A seasoned FBI agent pursues Frank Abagnale Jr. who, before his 19th birthday, successfully forged millions of dollars' worth of checks while posing as a Pan Am pilot, a doctor, and a legal prosecutor.
New Rochelle, the 1960s. High schooler Frank Abagnale Jr. idolizes his father, who's in trouble with the IRS. When his parents separate, Frank runs away to Manhattan with $25 in his checking account, vowing to regain dad's losses and get his parents back together. Just a few years later, the FBI tracks him down in France; he's extradited, tried, and jailed for passing more than $4,000,000 in bad checks. Along the way, he's posed as a Pan Am pilot, a pediatrician, and an attorney. And, from nearly the beginning of this life of crime, he's been pursued by a dour FBI agent, Carl Hanratty. What starts as cat and mouse becomes something akin to father and son.Written by
The Flash comic books featured in various scenes include Flash #120 (May 1961), Flash #132 (May 1962), Flash #135 (March 1963), Flash #138 (August 1963) and Flash #179 (May 1967). See more »
Stopping a press like the one shown in the movie would not result in a flurry of cut checks flying through the air. Additionally, the cutter would be a machine that could fit the entire width of the paper, and make the precision cuts required for things like checks. See more »
In the closing credits, Brian Howe is listed as playing "Tom Fox" and Frank John Hughes is listed as playing "Earl Amdursky". However in the film, Howe played Amdursky and Hughes played Fox. However, this was corrected for the DVD release. See more »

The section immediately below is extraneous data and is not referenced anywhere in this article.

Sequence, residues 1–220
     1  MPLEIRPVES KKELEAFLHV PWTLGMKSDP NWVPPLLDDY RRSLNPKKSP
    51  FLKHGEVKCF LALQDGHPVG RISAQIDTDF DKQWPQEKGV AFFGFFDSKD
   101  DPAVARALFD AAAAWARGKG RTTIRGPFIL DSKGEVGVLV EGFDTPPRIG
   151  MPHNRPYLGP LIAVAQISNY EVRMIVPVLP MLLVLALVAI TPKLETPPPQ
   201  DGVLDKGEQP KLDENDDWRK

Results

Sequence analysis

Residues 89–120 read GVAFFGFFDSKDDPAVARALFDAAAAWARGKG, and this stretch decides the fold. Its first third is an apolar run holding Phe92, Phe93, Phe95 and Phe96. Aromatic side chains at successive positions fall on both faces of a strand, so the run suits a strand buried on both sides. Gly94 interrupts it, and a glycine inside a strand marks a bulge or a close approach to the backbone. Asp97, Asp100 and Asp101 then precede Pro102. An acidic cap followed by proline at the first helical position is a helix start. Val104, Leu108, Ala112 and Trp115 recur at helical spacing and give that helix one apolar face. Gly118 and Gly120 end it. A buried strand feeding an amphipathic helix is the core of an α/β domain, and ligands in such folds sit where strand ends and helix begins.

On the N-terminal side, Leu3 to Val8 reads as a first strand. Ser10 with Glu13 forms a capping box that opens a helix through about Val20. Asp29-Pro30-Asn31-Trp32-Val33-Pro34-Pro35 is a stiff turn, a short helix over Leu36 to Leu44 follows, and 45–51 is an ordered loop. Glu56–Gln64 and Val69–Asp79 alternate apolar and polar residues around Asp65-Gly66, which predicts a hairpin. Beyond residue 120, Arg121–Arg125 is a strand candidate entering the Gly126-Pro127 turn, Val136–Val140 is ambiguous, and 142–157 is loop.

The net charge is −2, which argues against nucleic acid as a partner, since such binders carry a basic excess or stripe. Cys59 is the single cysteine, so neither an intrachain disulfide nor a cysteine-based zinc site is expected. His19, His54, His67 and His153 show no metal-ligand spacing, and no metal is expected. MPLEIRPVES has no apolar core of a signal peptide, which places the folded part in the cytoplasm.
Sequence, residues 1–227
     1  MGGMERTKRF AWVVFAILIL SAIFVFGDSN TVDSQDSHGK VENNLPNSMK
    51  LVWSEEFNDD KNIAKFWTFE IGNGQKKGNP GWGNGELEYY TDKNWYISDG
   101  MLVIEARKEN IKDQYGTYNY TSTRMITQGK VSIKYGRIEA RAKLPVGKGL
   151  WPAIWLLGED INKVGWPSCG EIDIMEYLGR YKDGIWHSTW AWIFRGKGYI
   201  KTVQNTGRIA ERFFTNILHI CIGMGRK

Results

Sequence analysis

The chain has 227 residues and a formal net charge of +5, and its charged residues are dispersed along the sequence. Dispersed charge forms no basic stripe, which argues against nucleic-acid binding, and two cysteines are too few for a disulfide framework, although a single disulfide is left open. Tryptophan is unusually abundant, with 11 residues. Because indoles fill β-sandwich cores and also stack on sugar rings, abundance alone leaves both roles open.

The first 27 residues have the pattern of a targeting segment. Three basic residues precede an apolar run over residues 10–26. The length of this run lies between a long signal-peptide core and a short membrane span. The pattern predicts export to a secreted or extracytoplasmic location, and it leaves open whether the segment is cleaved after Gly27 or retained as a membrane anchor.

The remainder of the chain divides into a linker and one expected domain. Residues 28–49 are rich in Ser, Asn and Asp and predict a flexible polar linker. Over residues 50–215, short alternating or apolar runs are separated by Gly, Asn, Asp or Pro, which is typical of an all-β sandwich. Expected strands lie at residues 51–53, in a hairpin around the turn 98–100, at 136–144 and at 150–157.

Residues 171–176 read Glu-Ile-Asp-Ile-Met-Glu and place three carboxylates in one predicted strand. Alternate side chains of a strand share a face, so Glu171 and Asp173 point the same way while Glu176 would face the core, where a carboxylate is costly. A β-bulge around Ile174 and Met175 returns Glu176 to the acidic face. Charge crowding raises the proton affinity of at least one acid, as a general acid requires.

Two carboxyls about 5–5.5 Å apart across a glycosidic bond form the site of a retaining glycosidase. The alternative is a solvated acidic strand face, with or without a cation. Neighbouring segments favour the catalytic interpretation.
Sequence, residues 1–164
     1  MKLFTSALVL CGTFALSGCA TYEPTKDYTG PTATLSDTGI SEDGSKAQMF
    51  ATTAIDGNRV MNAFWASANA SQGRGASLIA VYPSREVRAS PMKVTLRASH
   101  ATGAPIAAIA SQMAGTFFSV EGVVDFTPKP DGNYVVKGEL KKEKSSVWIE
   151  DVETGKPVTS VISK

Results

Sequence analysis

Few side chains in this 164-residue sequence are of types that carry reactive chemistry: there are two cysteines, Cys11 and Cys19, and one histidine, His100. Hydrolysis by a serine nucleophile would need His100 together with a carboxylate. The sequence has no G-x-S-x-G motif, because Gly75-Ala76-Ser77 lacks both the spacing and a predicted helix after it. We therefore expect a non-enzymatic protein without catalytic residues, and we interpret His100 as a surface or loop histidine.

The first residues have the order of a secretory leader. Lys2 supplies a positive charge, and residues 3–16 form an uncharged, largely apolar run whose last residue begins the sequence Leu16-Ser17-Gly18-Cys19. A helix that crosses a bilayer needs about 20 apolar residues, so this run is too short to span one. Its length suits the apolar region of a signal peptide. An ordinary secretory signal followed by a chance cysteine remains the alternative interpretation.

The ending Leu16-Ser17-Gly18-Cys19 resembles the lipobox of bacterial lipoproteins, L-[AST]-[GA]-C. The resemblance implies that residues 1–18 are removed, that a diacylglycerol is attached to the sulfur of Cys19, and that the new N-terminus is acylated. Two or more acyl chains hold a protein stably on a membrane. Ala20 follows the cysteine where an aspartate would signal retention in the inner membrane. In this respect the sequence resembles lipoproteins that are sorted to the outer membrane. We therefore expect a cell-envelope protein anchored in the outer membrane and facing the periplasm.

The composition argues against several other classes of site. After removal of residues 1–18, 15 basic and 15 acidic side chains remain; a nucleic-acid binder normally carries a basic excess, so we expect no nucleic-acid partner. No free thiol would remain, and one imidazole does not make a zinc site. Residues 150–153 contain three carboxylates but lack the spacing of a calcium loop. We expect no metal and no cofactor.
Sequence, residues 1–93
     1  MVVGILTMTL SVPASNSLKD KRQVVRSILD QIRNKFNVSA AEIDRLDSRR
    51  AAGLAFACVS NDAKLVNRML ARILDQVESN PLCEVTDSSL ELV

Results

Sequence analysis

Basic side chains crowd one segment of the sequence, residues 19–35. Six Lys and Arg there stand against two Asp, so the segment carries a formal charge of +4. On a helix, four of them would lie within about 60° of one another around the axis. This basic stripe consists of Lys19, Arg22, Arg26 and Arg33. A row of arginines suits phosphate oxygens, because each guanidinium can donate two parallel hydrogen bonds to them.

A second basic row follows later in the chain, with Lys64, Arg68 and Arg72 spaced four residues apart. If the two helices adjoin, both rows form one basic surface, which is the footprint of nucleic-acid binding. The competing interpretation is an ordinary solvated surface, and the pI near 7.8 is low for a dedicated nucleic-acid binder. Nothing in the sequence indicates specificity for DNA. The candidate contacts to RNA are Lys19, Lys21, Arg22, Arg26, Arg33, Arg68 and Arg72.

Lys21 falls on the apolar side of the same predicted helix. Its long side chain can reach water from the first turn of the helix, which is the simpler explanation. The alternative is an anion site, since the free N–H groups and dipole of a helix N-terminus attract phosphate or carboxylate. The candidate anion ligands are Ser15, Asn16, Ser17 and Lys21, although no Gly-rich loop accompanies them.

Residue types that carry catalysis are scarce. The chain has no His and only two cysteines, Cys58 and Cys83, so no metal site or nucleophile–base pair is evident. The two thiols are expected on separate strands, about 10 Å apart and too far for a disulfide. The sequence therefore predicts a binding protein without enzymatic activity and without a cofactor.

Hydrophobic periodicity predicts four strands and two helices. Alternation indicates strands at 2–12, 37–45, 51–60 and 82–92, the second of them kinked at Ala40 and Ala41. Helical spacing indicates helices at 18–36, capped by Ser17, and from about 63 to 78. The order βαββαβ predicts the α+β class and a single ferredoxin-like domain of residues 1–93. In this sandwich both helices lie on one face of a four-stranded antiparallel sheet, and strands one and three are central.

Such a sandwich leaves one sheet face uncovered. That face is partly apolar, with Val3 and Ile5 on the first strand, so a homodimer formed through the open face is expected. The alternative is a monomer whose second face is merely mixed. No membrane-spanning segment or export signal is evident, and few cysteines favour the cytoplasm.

In the French language version of the film, Frank teaches his high school Spanish class instead of French. See more »
This is one of the best movies I have ever seen. It had everything - great actors, great music by John Williams, the amazing director Steven Spielberg. It wasn't boring for a second although being over 2 hours long. I simply didn't want it to end and this is the main reason I gave the movie a 10.
I loved the main character Frank's attitude and his brilliant way of thinking. The fact that it's based on a true story makes it even better. I had to Google Frank Abagnale Jr. after watching this and the friendly face that smiled on the pictures wasn't really what I expected. Leo plays the roll very well - give the man an Oscar already! I'm also thinking that Leo and Tom Hanks must have had a lot of fun filming this.
There were many famous actors and actresses in smaller rolls, which I liked. Perhaps some of them weren't so famous back in 2002 (I'm a bit too lazy to do the research at the moment) but seeing for example Ellen Pompeo and Jennifer Garner made me even more interested in the movie. Sometimes, movies with too many movie stars falls flat, for some reason. But this one certainly did not!
I'll definitely watch Catch Me If You Can more than once, more than twice! Loved it! <3
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